If there’s anything we should have learned over the past decade and a half, it’s the power of disruption. In 1998, the founders of Google were working out of a garage in Menlo Park, California, and Yellow Pages ruled the world of search. Today Google is one of the most influential companies in the world and Yellow Pages fight to be ranked highly by the young tech firm.
Tesla has used the Silicon Valley marketing model. Build a premium product and get it into the hands of wealthy and influential early adopters, who evangelize your product. Sales increase, and profits are used to develop products for a larger market. As volume rises, costs fall.
Apple has done very much the same thing. You only have to look at the hype around new products to see that. So Steve Jobs and Elon Musk are probably more alike than you think!
Fluent.ai x BSH: Voice Automating the Assembly Line
Fluent.ai has deployed its voice recognition solutions in one of BSH’s German factories. BSH leads the market in producing connected appliances—its brands include Bosch, Siemens, Gaggenau, NEFF, and Thermador, and with this new partnership, the company intends to cut transition time in its assembly lines.
According to BSH, voice automation will yield 75-100% efficiency gains—but it’s the collaboration between the two companies that stands out. ‘After considering 11 companies for this partnership, we chose Fluent.ai because of their key competitive differentiators’, explained Ion Hauer, Venture Partner at BSH Startup Kitchen.
What Sets Fluent.ai Apart?
After seven years of research, the company developed a wide range of artificial intelligence (AI) software products to help original equipment manufacturers (OEM) expand their services. Three key aspects stood out to BSH, which operates across the world and in unique factory environments.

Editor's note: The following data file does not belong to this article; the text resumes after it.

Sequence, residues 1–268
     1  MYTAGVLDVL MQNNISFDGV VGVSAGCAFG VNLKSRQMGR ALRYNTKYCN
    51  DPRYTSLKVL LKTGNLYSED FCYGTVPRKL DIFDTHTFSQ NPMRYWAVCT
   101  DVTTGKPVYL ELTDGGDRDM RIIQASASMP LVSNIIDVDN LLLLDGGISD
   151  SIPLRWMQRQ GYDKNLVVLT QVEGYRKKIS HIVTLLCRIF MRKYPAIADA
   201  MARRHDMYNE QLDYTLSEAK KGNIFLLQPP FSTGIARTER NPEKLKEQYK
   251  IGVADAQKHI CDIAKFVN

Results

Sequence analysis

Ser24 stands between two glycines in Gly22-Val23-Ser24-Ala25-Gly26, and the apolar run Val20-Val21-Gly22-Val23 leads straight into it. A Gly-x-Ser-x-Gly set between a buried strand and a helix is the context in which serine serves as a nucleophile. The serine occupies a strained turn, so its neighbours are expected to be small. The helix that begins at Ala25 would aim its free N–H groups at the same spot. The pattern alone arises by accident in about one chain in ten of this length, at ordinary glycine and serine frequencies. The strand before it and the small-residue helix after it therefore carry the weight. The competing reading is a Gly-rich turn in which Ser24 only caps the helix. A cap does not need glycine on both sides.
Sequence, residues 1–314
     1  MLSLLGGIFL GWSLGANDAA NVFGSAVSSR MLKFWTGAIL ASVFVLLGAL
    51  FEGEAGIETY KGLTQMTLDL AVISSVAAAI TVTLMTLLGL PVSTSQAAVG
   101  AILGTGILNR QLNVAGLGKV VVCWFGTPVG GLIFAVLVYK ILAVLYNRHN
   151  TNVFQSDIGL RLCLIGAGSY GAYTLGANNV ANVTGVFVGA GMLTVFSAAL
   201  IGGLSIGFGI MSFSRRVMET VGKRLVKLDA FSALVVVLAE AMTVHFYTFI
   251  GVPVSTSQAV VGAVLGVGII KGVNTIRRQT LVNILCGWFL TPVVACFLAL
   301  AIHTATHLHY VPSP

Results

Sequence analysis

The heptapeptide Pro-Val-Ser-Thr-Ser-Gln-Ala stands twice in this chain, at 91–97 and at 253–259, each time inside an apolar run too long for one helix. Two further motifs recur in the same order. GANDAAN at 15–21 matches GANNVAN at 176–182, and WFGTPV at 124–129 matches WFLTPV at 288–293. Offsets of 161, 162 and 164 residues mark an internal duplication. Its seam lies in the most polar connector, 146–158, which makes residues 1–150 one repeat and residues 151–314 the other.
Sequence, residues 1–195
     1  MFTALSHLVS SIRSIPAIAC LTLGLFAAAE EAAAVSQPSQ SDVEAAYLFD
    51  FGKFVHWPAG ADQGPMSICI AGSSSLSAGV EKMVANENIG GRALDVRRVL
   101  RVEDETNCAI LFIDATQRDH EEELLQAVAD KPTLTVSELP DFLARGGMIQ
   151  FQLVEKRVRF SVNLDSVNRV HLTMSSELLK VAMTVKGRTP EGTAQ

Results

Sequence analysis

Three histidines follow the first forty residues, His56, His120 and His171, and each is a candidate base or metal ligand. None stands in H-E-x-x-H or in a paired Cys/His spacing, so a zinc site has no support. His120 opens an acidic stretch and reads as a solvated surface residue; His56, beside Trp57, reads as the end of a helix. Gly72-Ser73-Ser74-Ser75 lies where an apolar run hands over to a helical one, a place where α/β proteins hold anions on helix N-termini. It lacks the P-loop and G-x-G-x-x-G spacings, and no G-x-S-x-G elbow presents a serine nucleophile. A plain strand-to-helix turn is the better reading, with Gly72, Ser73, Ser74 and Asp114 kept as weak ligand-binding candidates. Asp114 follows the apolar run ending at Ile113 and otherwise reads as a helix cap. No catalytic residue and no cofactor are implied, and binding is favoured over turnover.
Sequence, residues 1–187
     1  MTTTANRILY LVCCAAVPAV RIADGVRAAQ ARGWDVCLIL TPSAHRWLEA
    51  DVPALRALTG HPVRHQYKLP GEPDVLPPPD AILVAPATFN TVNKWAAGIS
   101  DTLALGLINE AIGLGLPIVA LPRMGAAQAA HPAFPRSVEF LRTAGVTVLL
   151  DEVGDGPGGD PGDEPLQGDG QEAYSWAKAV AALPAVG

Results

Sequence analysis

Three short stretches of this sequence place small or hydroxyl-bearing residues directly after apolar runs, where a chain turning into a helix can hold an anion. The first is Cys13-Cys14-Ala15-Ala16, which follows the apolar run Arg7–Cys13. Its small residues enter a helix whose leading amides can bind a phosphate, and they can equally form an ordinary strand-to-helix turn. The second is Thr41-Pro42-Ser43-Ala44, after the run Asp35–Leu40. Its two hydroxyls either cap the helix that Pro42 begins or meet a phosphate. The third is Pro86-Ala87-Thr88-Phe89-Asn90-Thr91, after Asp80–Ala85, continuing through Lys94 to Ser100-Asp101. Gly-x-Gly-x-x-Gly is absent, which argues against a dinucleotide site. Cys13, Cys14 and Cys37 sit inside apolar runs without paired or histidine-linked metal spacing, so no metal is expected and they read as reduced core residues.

- Robust noise controls. The system can operate even in loud conditions.
- Low latency. The AI understands commands quickly and accurately.
- Multilingual support. BSH can expand the automation to any of its 50+ country operations.
How Voice Automation Works
Instead of pressing buttons, BSH factory workers will now be able to speak into a headset fitted with Fluent.ai’s voice recognition technology. After uttering a WakeWord, workers can use a command to start assembly line movement. As the technology is hands-free, workers benefit from less physical strain, which will both reduce employee fatigue and boost line production.
‘Implementing Fluent’s technology has already improved efficiencies within our factory, with initial implementation of the solution cutting down the transition time from four seconds to one and a half”, said Markus Maier, Project Lead at the BSH factory. ‘In the long run, the production time savings will be invaluable’.
Future Global Adoption
In the coming years, BSH and Fluent.ai will continue to push for artificial intelligence on factory lines, pursuing efficiency, ergonomics, and a healthy work environment. ‘We started with Fluent.ai on one factory assembly line, moved to three, and [are now] considering rolling the technology out worldwide’, said Maier.
Said Probal Lala, Fluent.ai’s CEO: ‘We are thrilled to be working with BSH, a company at the forefront of innovation. Seeing your solution out in the real world is incredibly rewarding, and we look forward to continuing and growing our collaboration’.